(CNN) -- The daughter of the Rev. Martin Luther King Jr. has declined the post her father once held as president of the Atlanta-based Southern Christian Leadership Conference, saying she was interested in being more than a "figurehead."
The Rev. Bernice A. King was elected to the office in October 2009, but never served as president as a string of legal battles divided the 53-year-old organization.
Bernice King told CNN political contributor Roland Martin she made suggestions to the organization in October about how the presidency might operate. She said she felt "disrespected" because there was no formal communication until earlier this month.
"What they sent back was merely a job description that primarily spoke to a board-driven organization," King said. "I was elected to lead the organization. I was frankly not interested in merely being a figurehead of the organization."
"I envisioned SCLC emerging as the vanguard for next-generation nonviolent activism in the tradition of my father," King said in a statement earlier Friday. "Amidst the turmoil, chaos and confusion surrounding SCLC over the last 15 months, my team and I dedicated an exhaustive amount of time, energy and resources to assess the organization and prepare for my transition."
The group's national board of directors said King was shifting "her attention to furthering her mother's legacy and embark upon other ministry initiatives.
"We wish the best for Elder Bernice King, and pray for her great success as she moves forward," it said in a statement.
A judge in Fulton County (Georgia) Superior Court ruled in September 2010 the current national board should be in charge, instead of another faction, although that decision is under appeal.
Dr. Howard Creecy, acting president of the SCLC, told CNN that the board supported King's right to make a "quality decision."
"We never asked for the storms we had to pass through," he said, indicating the gap between King's election and her taking the presidency was a "lengthy period."
The SCLC "gave a voice" to people affected by the Gulf oil spill disaster and remains concerned about the plight of the poor, Creecy said, adding that the group is "restoring our credibility."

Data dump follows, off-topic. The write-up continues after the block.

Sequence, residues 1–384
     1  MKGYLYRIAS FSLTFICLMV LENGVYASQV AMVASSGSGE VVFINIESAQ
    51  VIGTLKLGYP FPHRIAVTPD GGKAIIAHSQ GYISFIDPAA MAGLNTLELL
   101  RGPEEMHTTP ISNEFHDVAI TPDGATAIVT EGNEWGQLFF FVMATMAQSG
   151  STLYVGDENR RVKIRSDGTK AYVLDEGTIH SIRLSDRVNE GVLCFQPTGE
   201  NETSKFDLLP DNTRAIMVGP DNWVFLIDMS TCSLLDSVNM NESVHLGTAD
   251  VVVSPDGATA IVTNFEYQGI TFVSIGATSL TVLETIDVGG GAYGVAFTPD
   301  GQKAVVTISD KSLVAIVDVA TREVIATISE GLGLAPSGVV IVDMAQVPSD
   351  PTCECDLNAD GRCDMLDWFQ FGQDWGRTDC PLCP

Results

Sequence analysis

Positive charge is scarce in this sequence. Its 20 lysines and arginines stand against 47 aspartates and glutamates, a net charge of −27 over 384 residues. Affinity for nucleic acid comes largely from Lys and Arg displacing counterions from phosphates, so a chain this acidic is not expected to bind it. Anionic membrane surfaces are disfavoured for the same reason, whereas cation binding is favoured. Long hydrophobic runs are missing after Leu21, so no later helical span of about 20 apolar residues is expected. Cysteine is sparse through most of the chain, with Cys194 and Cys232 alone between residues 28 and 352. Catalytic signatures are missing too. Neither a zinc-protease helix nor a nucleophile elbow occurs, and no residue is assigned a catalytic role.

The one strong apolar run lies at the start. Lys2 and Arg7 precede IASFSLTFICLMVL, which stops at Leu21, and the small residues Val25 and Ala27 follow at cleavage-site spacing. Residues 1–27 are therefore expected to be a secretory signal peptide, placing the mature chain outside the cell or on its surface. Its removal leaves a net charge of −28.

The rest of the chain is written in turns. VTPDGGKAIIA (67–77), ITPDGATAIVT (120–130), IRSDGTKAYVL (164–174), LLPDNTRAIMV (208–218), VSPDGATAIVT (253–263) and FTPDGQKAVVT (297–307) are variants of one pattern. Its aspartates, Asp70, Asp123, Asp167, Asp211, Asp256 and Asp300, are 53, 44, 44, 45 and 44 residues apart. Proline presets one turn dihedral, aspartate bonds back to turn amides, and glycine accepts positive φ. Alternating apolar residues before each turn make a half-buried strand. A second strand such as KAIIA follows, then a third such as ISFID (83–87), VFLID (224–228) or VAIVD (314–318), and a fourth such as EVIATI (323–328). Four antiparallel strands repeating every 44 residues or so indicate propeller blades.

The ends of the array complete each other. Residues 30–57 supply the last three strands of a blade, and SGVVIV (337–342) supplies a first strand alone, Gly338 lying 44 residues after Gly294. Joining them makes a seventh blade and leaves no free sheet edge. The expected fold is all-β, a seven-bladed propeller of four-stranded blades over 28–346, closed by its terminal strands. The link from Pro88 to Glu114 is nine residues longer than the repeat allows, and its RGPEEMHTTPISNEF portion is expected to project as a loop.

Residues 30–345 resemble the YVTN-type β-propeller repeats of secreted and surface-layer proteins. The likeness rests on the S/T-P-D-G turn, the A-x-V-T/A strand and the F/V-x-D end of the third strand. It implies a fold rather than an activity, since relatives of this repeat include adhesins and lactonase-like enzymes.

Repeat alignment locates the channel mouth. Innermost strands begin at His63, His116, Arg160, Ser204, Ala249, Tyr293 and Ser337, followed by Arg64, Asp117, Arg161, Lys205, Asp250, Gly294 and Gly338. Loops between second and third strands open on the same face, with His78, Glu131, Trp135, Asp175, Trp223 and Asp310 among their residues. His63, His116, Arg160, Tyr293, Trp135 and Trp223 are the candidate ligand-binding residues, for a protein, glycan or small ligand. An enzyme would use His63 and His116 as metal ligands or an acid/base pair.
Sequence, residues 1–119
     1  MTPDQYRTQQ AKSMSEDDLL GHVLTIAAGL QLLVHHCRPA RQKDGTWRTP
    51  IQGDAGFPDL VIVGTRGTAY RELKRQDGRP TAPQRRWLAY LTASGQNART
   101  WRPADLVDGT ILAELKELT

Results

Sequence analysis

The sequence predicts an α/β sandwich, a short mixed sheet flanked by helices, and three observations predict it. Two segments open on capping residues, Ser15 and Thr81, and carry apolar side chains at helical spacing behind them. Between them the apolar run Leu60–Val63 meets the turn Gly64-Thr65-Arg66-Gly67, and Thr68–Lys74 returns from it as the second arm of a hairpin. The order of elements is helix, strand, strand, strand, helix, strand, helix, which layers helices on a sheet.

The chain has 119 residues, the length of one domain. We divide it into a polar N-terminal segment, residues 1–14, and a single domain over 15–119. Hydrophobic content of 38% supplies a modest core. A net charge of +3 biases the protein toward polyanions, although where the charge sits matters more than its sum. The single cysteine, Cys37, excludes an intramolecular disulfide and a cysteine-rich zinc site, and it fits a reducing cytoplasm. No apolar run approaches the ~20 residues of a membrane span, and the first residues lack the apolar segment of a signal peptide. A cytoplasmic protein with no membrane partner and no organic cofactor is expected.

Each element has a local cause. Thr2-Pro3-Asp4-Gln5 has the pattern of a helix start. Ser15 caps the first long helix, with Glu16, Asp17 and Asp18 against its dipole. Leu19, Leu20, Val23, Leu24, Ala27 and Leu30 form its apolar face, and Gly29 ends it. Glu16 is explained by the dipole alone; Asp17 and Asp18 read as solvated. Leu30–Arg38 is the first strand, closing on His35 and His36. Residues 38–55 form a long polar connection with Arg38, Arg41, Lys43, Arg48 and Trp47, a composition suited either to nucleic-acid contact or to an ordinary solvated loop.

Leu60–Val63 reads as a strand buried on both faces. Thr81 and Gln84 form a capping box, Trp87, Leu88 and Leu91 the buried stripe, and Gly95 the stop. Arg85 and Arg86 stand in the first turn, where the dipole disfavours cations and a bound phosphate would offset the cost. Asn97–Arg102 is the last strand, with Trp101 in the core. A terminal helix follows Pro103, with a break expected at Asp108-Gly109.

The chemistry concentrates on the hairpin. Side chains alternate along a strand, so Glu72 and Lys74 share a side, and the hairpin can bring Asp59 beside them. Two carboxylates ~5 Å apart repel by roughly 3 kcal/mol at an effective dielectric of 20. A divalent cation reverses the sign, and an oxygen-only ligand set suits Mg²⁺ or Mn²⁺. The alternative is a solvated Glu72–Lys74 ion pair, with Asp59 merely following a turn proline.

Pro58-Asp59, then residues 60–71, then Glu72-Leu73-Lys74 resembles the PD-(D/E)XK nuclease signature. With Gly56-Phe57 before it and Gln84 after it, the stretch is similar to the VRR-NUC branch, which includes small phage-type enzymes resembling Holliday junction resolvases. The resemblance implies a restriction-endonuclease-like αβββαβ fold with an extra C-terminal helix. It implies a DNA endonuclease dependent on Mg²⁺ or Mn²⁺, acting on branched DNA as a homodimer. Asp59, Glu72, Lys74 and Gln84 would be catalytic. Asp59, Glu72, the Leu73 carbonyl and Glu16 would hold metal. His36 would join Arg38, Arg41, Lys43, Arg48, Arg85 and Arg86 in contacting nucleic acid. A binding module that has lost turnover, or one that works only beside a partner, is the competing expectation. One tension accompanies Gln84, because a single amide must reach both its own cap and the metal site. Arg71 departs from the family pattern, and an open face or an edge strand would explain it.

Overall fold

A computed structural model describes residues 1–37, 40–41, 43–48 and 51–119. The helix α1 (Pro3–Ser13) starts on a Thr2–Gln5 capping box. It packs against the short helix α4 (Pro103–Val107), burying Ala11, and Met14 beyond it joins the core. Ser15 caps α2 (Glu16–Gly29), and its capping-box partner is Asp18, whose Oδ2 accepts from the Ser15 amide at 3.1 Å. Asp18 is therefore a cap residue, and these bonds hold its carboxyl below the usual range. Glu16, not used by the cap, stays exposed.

Bernice King said she now plans to shift her attention to furthering the legacy of her mother, Coretta Scott King, and pursuing ministry initiatives. "We wouldn't know Martin Luther King as we know him if it were not for all of her work."
Coretta Scott King died in January 2006, 38 years after her Nobel Peace Prize-winning husband was assassinated.
The SCLC has seen a power struggle dating back about a decade, said Ralph Luker, a retired professor who specialized in the civil rights movement and has been an observer of the organization.
Bernice King's brother, Martin Luther King III, was president of the SCLC from 1997 to 2004. They and sibling Dexter King had been locked in a bitter legal battle over their parents' estates and rightful succession.
The group, which has chapters and affiliates throughout the country, was a leading organization during the civil rights movement in the 1960s.
Bernice King told Martin she wants to work with the National Hispanic Christian Leadership Conference on education, health care, immigration and other issues.
"Regardless of what institution, the work of my father will continue," she said.
It's now up to the SCLC to determine the proper leadership model, the minister told CNN.
"I will continue to pray for them to move forward in a positive direction," Bernice King said.
Dr. Bernard LaFayette Jr., vice chairman of the SCLC, said the organization will move forward. "She deserves the right to make her own assessment," he said of Bernice King.
CNN's Phil Gast contributed to this report.